It's been seven years, now. More or less monthly I've been posting exhaustively-researched blog entries, often ratcheting up 3000 words plus per instalment (this one's over 6,700!). And I'm tired. So that's going to be it for a while. I'm going to take a break, maybe posting occasionally, but simpler entries with more pictures than words. I need to recharge my batteries and put some work into other, much-neglected projects.

I don't know when I'll be back in full-on Marvel historian mode ... so be sure to check in now and again, and if you need to contact me, leave a comment ... that'll get my attention.


Next: Wait and see ...




Monday, 31 August 2020

Marvel, Magic and Strange Tales: Part 2

I DON'T THINK STAN LEE LIKED DOCTOR STRANGE, at least not at first. In a letter to Jerry Bails dated 9th January 1963, Stan mentioned a new strip for Strange Tales, Dr Strange, with hardly a hint of his usual enthusiasm.

"We have a new character in the works for Strange Tales. Steve Ditko is gonna draw him. Sort of a black magic theme. The first story is nothing great, but perhaps we can make something of him — 'twas Steve's idea, and I figgered we'd give it a chance, although again, we had to rush the first one too much. Little sidelight: Originally decided to call him MR. STRANGE, but thought the MR. a bit too similar to MR. FANTASTIC — now, however, I just remember we had a villain called DR. STRANGE just recently in one of our mags — hope it won't be too confusing! Oh well ..."

Dr Strange showed up - unheralded - in the 110th issue of Strange Tales, in what seemed to be a substitute for one of Steve Ditko's regular whimsical five-page fantasy stories.

Stan's not too clear about what it was he didn't like about the first instalment. Some have speculated that Steve Ditko brought Stan the first story all drawn up, and possibly even scripted. What Ditko probably didn't know was that Stan was just beginning an experiment where he would try to rebuild the working process he had in the earlier Atlas days of the company. Back then, Stan had been primarily an editor overseeing a bullpen of staff writers and artists, and writing a few stories himself.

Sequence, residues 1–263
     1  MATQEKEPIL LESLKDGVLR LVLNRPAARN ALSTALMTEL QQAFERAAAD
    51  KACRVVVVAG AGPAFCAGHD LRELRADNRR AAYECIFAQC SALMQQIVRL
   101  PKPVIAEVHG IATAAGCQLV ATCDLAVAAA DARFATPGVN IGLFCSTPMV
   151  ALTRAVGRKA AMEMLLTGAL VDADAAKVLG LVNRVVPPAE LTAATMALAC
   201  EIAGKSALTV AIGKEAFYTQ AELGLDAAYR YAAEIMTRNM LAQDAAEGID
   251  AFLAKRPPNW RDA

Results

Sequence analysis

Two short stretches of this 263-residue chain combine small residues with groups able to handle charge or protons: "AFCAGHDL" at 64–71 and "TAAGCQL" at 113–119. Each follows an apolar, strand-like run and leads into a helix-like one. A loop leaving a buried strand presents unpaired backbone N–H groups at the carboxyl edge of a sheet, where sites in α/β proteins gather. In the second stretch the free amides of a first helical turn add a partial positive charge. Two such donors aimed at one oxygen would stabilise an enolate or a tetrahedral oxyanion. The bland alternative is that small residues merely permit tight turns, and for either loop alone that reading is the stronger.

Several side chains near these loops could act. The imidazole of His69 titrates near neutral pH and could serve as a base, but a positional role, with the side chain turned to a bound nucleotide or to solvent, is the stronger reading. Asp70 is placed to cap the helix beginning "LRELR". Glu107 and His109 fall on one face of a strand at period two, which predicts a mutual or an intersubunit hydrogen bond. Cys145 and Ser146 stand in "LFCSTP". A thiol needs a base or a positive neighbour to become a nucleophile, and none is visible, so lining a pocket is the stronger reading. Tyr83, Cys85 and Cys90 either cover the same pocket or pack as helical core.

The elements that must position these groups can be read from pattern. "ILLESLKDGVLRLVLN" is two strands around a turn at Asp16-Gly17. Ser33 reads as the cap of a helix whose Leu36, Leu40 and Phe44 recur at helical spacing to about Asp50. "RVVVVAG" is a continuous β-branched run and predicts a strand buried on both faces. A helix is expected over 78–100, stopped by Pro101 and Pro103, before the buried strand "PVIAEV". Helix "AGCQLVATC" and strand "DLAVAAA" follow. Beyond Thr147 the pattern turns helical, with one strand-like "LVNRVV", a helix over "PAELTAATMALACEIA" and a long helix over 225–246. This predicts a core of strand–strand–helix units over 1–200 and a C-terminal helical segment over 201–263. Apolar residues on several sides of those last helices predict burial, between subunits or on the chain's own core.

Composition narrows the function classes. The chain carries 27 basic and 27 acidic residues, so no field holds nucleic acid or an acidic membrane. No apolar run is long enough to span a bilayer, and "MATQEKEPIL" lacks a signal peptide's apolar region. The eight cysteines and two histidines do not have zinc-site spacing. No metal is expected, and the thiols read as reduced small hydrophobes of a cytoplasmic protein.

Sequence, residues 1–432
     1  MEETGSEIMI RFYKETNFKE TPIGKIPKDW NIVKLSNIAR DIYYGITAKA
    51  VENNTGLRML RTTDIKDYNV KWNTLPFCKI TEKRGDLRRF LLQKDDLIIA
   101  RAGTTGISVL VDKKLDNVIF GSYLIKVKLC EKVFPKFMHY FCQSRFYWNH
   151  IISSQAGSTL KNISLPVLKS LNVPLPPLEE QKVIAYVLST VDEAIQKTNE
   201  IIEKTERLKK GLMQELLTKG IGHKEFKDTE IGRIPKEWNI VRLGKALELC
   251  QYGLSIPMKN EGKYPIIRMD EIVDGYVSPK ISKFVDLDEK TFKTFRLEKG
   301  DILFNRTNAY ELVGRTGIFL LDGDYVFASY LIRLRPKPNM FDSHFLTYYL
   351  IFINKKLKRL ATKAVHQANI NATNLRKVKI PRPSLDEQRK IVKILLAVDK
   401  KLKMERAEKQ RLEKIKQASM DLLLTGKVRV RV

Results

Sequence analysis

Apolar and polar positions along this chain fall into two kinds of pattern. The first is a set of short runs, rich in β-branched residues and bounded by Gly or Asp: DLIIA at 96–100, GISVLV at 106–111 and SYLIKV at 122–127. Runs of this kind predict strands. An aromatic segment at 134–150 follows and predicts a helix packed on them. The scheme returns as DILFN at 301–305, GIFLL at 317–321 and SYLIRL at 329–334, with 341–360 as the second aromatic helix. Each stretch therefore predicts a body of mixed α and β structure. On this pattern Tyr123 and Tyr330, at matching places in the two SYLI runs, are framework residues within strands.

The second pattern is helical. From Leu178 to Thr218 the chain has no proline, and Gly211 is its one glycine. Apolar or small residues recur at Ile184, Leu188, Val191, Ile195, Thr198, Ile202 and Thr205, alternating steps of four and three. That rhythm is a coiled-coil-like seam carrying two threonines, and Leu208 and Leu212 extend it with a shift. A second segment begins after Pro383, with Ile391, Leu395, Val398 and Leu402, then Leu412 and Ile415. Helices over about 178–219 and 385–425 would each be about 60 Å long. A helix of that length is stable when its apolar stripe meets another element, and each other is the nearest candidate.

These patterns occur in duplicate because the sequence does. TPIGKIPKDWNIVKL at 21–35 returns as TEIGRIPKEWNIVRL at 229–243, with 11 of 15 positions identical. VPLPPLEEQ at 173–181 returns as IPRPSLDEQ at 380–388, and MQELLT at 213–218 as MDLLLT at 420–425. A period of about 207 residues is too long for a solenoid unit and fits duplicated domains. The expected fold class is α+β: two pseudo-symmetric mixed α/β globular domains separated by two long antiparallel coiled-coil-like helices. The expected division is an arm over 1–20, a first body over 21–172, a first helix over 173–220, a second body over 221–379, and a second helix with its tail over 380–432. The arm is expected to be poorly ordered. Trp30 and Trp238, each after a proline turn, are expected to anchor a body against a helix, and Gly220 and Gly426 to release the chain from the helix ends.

So as the early Marvel started to take off towards the end of 1962, Stan didn't really appear to want to be a writer of superhero tales. Yes, he was writing Fantastic Four, Amazing Spider-Man and The Hulk. But the other superhero strips - Thor, Ant-Man and the solo Human Torch stories - he just plotted, and handed over to brother Larry Leiber to script. Larry was also scripting many (if not most) of the fantasy stories in Journey into Mystery, Strange Tales, Tales to Astonish and Tales of Suspense. What is interesting is that Stan kept the "reliable money makers" for himself. Of the Marvel Comics cover-dated August and September 1962, Stan scripted:

  • Life with Millie 18
  • Patsy and Hedy 83
  • Patsy Walker 102
  • Rawhide Kid 29
  • Kathy 18
  • Gunsmoke Western 72
  • Kid Colt - Outlaw 106
  • Love Romances 101
  • Millie the Model 110
  • Linda Carter, Student Nurse 7

... and the Steve Ditko five-pagers running in the back of most of the fantasy anthologies.

It's as though Stan thought the super-hero stuff was just a fad, and would be done with a few months down the line. And perhaps that's why he sounded less than enthusiastic about Dr Strange in his letter to Jerry Bails.

As 1963 rolled round, Stan looked towards adding some new superhero stories here and there. Spider-Man got his own title, cover-dated March, which Stan would write. Sgt Fury also joined the line-up, and as a non-super-hero title, Stan would keep the scripting of that for himself, too. Iron Man in Tales of Suspense, he would parcel out to Larry.

Of the May 1963 b-team Marvels, only the Ant-Man story was scripted by Larry Leiber. The rest - including the Iron Man story featuring villain Dr Strange - were scripted by Robert Bernstein. Ernie Hart would take over Ant-Man the following month.

Then, in a surprising about-face, Stan took the scripting work away from Larry and hired DC, Archie and ACG hack Robert Bernstein, former Atlas editor Ernie Hart and even Superman writer Jerry Siegel to take over Thor, The Human Torch, Ant-Man and Iron Man. Even more surprisingly, Stan's decision stood for just six months before he let his new freelance scripters go and took over writing everything himself. 

"Larry, you know something," Leiber recalls Stan telling him. "You're no good, but you're better than these other guys." And with the November 1963 cover-dated Marvels, Stan was scripting the entire line himself.

I think this is because Stan realised two things. One was, that no one was going to write Marvel comics the way he wanted them done. The writers he'd been trying came from old-school, plot-driven comic writing, and Stan was pushing for character-driven stories. And the other realisation was that the Marvel Comics written by Stan himself were selling better than those he'd packaged out to other writers.

So even with new titles The Avengers, X-Men and Daredevil looming on the schedule, Stan knew he had to sharpen his typewriter and get down to work. And Doctor Strange was just one more straw for the camel's back.

As with Strange Tales 110, there is no mention of a great new magic adventure with Dr Strange on the cover of Strange Tales 111 (Aug 1963). This is not typical of Stan's approach to hyping new features at this point in Marvel history.